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Breast Cancer by Meghan Ryckman

By at April 23, 2013 | 7:44 am | Print

When you read of cancer, you hear that the likelihood of being diagnosed with it is more rare than not. This isn’t entirely true, especially when it comes to breast cancer. So, what is breast cancer exactly? Breast cancer is cancer-forming cells that are found in the breast. This type of cancer is not only the second most diagnosed cancer but it is most commonly found in women. In fact, the chances for women are 100 times more than men!

There are many risk factors that are attributed to breast cancer. Most, we cannot help.  Again, as predominantly found in women, breast cancer cells can grow caused by the natural hormones called progesterone and estrogen.  Another factor out of our control is a woman receiving her first menstrual cycle at such an early age, usually before age 12. As a woman ages, her chances of developing cancer increase. In retrospect to an early period, a woman who experiences menopause at a much later age has a higher chance. These risks are again attributed to the amount of hormones, progesterone and estrogen that are present in a woman’s body much later than they should be.

It is very important to research breast cancer with family history because this too is a factor of contracting this horrible disease. Many women diagnosed with breast cancer can sometimes find a history of family members who also had it. Along with family history, cancerous cells can be inherited. Although the mutated genes passed down from mother to daughter are cancerous, they don’t necessarily mean that they will develop into full-blown cancer.

There are a few risk factors attributing to breast cancer that can be altered or even taken out of the equation. Consuming alcohol and smoking tobacco products actually increase the chances of developing breast cancer. Another factor that can be controlled is having children. The older a woman is when having her first child, the greater the chances are of getting cancer. Many women who have children at a young age have a lower chance. In addition, certain forms of birth control are a contributing factor to breast cancer. Research has found that the DEPO shot or otherwise known as Depo-Provera, contain amounts of progesterone that promote cancer. Speaking with a doctor about alternative methods of contraception is best when avoiding the risks of breast cancer.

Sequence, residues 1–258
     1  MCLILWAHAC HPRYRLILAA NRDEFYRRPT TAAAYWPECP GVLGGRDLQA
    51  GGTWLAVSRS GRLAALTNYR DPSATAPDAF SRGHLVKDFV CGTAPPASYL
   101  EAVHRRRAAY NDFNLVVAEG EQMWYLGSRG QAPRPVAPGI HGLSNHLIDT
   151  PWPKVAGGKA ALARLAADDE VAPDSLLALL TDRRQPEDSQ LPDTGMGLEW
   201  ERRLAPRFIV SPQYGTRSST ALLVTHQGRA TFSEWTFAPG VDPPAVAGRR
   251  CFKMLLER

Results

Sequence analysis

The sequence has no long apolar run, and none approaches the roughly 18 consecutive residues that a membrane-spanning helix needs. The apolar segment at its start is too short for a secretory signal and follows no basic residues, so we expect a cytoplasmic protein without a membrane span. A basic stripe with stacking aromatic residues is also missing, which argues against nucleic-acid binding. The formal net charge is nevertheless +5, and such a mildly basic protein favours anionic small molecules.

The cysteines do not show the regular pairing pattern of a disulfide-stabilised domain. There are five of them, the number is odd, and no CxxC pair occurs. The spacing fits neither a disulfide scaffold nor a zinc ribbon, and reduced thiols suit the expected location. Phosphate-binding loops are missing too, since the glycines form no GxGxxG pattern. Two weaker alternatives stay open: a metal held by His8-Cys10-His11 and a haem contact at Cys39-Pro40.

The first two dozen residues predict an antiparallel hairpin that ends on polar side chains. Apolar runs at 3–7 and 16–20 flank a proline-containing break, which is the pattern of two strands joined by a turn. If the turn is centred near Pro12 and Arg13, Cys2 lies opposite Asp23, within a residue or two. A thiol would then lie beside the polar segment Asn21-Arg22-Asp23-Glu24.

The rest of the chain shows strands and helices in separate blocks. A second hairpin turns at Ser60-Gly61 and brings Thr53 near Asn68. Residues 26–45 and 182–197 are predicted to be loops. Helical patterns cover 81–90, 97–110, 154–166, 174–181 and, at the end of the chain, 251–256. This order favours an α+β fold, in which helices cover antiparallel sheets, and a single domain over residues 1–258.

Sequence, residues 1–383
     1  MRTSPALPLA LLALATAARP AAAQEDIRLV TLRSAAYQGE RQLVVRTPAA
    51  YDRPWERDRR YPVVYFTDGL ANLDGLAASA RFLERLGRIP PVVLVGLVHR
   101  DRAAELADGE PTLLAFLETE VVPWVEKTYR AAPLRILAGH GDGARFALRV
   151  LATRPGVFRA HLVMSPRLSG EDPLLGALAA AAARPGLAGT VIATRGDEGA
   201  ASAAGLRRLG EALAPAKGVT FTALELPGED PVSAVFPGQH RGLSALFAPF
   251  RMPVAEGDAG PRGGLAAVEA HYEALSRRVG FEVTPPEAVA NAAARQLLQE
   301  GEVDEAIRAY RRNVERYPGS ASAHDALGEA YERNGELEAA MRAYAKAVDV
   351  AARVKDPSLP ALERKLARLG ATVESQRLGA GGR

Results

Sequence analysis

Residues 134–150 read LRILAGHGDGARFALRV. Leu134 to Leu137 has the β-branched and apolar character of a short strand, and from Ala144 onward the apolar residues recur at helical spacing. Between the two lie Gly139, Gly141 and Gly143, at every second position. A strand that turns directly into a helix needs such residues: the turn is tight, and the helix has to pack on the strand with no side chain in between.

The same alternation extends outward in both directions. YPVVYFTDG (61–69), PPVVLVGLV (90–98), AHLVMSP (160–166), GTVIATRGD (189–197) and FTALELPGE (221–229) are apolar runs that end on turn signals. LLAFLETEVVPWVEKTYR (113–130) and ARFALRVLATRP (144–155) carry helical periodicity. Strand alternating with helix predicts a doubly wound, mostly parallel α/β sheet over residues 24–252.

In addition to all the risk factors for breast cancer, it is very important to raise awareness of these cancerous factors and preventions. There are many people with breast cancer that could potentially have no idea they are living with it. Fortunately, we have many people and organizations that contribute in their own way to raise this awareness of breast cancer. Every year, people join and donate to the Susan G. Komen marathon and fundraiser with hopes that a cure will develop.

From running in that 5K marathon to support your best friend who still has a fighting chance or getting that pink ribbon tattoo in honor of your late grandmother, many people are showing the different ways of raising awareness. How are you doing your part?

 

 

References:

Mayo Clinichttp://www.mayoclinic.com/health/breast-cancer/DS00328/DSECTION=risk-factors

American Cancer Society http://www.cancer.org/cancer/breastcancer/detailedguide/breast-cancer-risk-factors

 

 

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  1. […] three most common cancers in men are prostate, colon, and Lung. The three most common in women are breast cancer, colon and lung cancer. There are so many different types and causes of cancers, but doctors and […]

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